Can I skip bottling?
I've done a little bit of beer brewing and I'm considering doing a batch a of wine for an upcoming party.
Here's my I-have-no-idea-what-I'm-talking-about/newb question: how good is the wine before it goes into the bottle? Since most of this batch would be consumed at the party anyway, can I just skip the bottling process and serve it in bulk? I would use either a SS kettle with spigot or food grade plastic w/ a spigot to pour.
Although most of the people at the party like wine, I doubt any are connoisseurs... but I'd still like it to taste pretty good. If this is not feasible without bottling, I'll scrap this idea. Ideally, I'd like to make a white wine, but that would be subject to change based on recommendations any of you might have.
Edit: I forgot to mention that I would use a wine "kit", probably from NB.
You can do that. I'd probably bottle in growlers, just in case all 6 gallons doesn't get consumed. If you're going to drink all 6 gallons at one time, then it doesn't matter.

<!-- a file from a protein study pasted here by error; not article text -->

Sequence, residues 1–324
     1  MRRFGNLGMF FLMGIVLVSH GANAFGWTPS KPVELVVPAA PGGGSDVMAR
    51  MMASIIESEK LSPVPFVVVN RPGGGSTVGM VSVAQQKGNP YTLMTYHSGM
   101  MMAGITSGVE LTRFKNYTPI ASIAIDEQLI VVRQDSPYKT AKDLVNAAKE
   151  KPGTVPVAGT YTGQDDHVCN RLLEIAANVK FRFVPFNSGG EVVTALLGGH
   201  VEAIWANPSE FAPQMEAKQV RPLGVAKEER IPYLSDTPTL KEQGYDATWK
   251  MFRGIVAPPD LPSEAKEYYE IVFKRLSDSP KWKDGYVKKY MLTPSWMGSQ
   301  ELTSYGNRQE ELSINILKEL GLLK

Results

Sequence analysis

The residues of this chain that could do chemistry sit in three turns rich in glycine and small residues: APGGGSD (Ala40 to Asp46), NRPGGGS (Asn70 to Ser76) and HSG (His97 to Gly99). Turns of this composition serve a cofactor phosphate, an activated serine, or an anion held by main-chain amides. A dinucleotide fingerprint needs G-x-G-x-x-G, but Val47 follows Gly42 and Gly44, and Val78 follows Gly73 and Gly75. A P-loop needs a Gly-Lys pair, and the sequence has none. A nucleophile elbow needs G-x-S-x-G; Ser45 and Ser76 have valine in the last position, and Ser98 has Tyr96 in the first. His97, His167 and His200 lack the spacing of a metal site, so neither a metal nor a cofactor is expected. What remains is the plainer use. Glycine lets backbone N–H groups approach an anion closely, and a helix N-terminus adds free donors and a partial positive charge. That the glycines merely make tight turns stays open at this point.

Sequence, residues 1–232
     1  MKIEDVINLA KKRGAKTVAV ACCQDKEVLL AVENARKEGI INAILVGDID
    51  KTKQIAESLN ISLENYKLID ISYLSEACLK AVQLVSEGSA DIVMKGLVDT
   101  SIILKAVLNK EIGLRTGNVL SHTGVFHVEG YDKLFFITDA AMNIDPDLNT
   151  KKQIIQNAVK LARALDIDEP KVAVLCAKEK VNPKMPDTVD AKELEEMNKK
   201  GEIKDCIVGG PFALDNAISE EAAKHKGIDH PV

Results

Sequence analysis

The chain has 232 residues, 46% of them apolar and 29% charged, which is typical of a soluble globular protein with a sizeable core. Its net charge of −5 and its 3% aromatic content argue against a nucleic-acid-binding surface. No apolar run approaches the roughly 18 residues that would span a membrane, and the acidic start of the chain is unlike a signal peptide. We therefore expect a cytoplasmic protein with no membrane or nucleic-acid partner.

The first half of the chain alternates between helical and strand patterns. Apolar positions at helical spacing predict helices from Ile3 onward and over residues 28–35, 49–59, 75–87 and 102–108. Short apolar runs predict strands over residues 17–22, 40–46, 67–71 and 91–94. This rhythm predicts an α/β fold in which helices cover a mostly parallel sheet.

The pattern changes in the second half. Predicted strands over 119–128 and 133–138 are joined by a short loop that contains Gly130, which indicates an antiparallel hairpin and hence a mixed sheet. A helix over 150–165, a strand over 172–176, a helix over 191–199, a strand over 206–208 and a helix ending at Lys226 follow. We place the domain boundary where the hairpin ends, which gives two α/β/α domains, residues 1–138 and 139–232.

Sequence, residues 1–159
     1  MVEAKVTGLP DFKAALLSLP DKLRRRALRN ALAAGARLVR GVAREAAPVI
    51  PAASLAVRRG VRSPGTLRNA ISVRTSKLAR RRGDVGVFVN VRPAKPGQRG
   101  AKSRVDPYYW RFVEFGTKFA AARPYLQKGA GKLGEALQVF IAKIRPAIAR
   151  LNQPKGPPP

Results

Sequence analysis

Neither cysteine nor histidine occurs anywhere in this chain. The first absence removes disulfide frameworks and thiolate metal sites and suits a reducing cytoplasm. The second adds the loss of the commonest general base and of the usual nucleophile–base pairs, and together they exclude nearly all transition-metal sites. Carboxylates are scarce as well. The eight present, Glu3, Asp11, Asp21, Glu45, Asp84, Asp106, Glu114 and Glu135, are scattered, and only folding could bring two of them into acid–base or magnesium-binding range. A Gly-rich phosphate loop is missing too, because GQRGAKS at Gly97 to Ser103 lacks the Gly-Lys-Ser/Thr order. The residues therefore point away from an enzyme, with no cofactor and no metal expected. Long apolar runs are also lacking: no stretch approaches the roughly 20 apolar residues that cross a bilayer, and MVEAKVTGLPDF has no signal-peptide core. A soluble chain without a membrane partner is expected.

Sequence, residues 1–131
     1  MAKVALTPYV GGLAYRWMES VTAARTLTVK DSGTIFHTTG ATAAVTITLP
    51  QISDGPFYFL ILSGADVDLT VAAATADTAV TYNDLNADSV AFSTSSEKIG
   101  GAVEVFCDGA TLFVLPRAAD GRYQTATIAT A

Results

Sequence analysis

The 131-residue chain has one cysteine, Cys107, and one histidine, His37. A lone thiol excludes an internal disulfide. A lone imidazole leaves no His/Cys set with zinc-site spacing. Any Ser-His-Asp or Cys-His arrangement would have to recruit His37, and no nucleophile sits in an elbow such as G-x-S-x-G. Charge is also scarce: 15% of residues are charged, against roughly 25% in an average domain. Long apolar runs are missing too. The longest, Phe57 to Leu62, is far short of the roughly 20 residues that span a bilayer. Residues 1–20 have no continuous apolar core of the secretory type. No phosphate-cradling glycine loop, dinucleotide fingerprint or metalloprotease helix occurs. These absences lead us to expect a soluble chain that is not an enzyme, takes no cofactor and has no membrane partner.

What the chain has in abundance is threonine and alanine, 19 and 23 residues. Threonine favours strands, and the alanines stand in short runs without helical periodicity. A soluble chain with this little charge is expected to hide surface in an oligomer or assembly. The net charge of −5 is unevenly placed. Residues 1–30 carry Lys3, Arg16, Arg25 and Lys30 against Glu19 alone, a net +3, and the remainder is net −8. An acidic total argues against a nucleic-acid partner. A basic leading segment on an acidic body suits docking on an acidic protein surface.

Most kit wines are ready early, but if you want to be certain, the best things to get would be less expensive kits. The higher-end kits tend to require some aging. If you like sweeter wines, those Island Mist kits are pretty good within 30 days or so. Wines with oak, high ABV, etc take longer to age and probably wont' be ready quickly.
Sure, you can skip bottling and serve after bulk aging....
Don't skip aging and serve slushy thick yeasty juice or 1-week old fusel-fire-weird-flavor beverage....
But... Wine isn't beer and especially not cider -- you won't be drinking it in 2-weeks.....
There is a reason you won't see wines in the store that are less than 1-year old.... They just aren't very good young.....
My recommendation would be to brew up a batch of wine and let it bulk age for at least 4-6 months before you serve..... A year is better, though....
If you are a little curious.... check out some of the old "How good are home made wines" threads like these 2....
some of the less expensive chardonnay kits are pretty drinkable in 6 weeks...basically the 1 month ferment/clearing and 2 weeks in the bottle to condition a little.
I'll second Yooper, the Island Mist kits are drinkable (even good) young. When I did my last one, I took the yeastiest bit at the bottom and put it straight into a carafe. Plopped it in the fridge to help the yeast settle and drank off the top. It was pretty good cold, even that young. :)
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